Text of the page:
Former Senator turned banking lobbyist Phil Gramm and McCain economic adviser was still on Swiss Bank UBS’ payroll as late as last December. Widely known for his push to deregulate banking he is sometimes regarded as the father of lending policies which led to the sub-prime mortgage meltdown.

Gramm joined the bank in 2002 and had registered as a lobbyist by 2004. UBS filed paperwork deregistering Gramm on April 18 of this year. Gramm continues to serve as a UBS vice chairman.News of Gramm’s involvement as a paid advocate for the banking industry, simultaneous with his unpaid work on McCain’s economic policies, comes as McCain’s campaign continues to reel from the purge of four other lobbyists. Two weeks ago, McCain banned lobbyists from advising him on the same subjects covered by their lobbying work.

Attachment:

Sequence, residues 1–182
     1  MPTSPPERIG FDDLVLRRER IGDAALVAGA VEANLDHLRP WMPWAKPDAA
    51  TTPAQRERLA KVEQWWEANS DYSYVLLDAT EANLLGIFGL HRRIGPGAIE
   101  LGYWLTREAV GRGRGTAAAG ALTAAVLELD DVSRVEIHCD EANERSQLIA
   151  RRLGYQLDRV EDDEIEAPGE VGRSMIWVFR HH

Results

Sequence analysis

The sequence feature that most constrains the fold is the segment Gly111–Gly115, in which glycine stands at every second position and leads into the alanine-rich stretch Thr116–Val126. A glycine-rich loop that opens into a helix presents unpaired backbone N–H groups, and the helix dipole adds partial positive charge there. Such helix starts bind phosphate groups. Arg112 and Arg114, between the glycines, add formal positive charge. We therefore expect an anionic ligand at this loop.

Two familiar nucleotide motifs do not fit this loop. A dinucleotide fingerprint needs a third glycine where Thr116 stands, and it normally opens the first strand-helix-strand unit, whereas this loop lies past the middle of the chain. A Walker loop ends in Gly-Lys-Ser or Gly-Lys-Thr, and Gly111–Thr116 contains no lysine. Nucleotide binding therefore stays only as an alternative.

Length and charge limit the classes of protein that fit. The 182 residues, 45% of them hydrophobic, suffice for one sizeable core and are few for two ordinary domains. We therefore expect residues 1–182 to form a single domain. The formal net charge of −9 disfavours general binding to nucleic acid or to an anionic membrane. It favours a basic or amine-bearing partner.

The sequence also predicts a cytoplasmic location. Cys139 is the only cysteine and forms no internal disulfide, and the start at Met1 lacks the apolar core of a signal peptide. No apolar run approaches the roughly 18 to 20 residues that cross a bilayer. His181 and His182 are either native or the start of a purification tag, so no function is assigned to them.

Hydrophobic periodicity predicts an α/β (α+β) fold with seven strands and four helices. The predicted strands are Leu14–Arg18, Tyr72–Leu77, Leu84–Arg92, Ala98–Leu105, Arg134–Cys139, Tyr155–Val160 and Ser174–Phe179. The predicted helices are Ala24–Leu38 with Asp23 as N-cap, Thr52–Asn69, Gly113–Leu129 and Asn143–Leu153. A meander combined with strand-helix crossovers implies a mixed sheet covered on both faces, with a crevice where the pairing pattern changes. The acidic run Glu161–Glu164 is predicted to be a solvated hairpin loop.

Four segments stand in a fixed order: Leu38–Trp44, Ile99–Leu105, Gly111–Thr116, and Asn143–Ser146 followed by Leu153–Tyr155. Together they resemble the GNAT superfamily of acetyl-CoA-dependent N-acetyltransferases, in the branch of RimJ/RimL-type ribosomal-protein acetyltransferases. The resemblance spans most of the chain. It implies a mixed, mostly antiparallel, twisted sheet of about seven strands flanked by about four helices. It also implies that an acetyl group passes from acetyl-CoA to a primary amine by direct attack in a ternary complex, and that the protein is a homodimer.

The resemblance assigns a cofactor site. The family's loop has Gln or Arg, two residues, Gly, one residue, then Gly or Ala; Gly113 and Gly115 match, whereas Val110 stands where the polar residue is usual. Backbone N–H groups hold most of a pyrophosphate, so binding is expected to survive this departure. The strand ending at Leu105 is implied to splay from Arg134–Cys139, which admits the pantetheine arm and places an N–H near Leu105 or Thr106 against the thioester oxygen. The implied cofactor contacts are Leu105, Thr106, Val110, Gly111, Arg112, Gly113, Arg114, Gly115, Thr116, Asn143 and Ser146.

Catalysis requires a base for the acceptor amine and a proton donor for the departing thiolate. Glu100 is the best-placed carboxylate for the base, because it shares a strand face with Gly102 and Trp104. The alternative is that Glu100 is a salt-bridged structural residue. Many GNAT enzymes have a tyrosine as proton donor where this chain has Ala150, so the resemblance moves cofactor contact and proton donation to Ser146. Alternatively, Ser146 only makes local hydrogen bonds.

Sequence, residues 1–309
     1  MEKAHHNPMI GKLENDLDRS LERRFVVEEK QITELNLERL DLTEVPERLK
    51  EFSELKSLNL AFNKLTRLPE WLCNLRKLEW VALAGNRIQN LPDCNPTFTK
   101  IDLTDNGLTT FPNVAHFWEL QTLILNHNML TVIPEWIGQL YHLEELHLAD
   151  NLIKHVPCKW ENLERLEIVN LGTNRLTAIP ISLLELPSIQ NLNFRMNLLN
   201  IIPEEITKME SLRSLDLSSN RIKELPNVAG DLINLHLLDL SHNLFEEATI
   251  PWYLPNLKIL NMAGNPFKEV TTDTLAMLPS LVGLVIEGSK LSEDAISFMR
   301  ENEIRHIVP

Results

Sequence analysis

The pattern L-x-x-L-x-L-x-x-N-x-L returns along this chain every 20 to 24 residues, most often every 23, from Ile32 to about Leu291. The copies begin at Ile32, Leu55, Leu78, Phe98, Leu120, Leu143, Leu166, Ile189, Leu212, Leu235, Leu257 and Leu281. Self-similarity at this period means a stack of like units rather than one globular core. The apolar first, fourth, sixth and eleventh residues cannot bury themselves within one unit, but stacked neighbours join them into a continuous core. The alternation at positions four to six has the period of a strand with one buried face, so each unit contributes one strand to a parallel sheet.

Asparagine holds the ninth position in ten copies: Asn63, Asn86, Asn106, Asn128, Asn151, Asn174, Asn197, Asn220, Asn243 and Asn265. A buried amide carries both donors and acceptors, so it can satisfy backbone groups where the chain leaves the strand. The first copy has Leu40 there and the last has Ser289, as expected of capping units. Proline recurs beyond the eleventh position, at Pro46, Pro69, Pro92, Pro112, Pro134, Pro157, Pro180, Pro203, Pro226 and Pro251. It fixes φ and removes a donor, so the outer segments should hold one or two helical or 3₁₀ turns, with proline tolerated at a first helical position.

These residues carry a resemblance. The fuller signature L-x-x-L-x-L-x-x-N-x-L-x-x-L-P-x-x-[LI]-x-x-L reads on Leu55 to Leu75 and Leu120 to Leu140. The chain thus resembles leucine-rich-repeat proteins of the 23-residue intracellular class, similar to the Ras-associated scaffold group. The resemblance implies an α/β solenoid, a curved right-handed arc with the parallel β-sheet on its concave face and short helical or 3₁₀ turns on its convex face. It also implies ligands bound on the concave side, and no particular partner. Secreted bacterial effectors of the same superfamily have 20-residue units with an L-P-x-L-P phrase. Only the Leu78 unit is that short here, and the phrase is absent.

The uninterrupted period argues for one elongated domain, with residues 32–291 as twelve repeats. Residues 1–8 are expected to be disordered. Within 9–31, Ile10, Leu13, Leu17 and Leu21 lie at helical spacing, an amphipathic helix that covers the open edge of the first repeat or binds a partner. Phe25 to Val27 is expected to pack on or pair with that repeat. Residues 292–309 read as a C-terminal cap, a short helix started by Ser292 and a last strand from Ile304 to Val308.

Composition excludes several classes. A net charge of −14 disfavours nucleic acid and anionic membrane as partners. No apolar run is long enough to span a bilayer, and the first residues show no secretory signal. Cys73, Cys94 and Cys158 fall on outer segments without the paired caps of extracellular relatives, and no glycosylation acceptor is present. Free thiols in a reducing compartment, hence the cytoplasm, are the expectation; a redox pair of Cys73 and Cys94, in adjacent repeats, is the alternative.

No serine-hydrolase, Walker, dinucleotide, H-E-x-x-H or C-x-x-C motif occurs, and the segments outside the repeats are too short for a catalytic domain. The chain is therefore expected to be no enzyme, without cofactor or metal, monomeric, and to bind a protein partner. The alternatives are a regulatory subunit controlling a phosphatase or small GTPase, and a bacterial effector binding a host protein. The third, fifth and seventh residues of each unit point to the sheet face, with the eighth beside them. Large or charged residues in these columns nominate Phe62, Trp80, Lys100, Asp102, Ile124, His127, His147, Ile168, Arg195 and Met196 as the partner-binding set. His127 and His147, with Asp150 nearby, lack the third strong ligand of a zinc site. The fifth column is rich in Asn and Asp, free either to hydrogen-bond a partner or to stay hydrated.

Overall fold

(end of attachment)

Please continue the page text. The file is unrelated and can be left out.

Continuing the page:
Once again, McCain seems to be surrounded by lobbyists, this marks the fourth such revelation.

When Gramm chaired the Senate Banking Committee, he wrote and passed deregulatory legislation in more than one industry, establishing himself as a pre-eminent foe of government regulation. McCain’s March 26 speech recommended further deregulation of the banking industry as his response to the mortgage crisis.

Gramm has been a staunch advocate of deregulation not just in banking but in energy.

After Gramm passed a law easing regulation of energy-commodity trading, California experienced a sharp run-up in energy costs. The energy-trading company Enron was blamed and soon collapsed.

These are the types of disastrous policies McCain thinks are good for the average citizen.